The Falcons interviewed Quinn for a second time Monday in what reportedly was more of a formality as they already have decided to hire him. They reportedly had hoped to bring him out to Atlanta this week to announce the hiring, but his Seattle defense shut down Aaron Rodgers and the Packers for most of the game Sunday, giving Russell Wilson and Jermaine Kearse a chance to redeem themselves and send the Hawks back to the Super Bowl.
The Falcons reportedly already are securing Quinn’s staff — starting with offensive coordinator Kyle Shanahan — and likely will name him their coach the day after the Super Bowl.
Seahawks coach Pete Carroll knows all of this, of course, and is not concerned a bit about losing Quinn or about it being a distraction leading up to the Super Bowl.
“It comes along with good fortune when guys get good opportunities like that,” Carroll said. “I am pretty wide open and flexible in hoping that it works out, and that it won’t be a distraction. There will be questions and stuff like that, but we have such a big mission that we are on and Dan wants nothing more than doing exactly right for what we have to do these next couple of days and the next week. He has no intention other than that, and he is dead solid on that, and that’s what we will get.”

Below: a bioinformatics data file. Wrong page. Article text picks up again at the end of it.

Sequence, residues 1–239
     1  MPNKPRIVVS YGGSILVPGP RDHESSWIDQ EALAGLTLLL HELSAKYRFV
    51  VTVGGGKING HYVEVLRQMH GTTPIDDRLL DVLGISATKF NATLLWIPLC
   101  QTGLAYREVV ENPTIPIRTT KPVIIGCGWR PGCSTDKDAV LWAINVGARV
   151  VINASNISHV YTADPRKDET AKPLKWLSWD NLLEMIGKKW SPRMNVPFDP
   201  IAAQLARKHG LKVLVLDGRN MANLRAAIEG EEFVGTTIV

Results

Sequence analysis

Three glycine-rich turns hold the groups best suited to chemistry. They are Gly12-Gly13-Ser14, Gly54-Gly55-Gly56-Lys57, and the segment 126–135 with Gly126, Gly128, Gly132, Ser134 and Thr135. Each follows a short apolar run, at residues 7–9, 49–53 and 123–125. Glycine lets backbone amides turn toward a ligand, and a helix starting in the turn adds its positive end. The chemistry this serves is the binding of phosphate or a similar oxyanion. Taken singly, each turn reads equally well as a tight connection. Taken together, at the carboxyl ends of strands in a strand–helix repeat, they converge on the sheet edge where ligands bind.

As for replacing Quinn when the time comes, it seems likely that Carroll will simply promote from his own staff — with the top options being secondary coaches Kris Richard and Rocky Seto.
Some have speculated that the Seahawks would be interested in San Francisco defensive coordinator Vic Fangio or secondary coach Ed Donatell — a former NFL DC. But both are expected to be hired by the Washington Redskins this week.
When Gus Bradley left in 2013 to become coach of the Jacksonville Jaguars, the Hawks already had a bead on Quinn, who had coached in Seattle in 2009 and 2010 and had just finished his second year as the DC at Florida.
The Hawks don’t have that DC-in-waiting tucked away in the college ranks this year, so they seem likely to preserve continuity with Richard or Seto — especially with most of Seattle’s key defenders signed for at least the next three seasons.
Richard would seem a fine candidate. He played for Carroll at USC and then was drafted by Mike Holmgren’s Seahawks in 2002 and played for the team for three years. He then joined Carroll’s staff in 2010 when Carroll was hired by the Seahawks.
Seto coached under Carroll at USC for six years and came to Seattle with him.
Under the tutelage of Carroll, Richard and Seto, the secondary has been the strength of the Seahawks.
And they have a ready replacement for Richard or Seto in Marquand Manuel, who started in Seattle’s first Super Bowl in the 2005 season. He has been on Carroll’s staff for three years.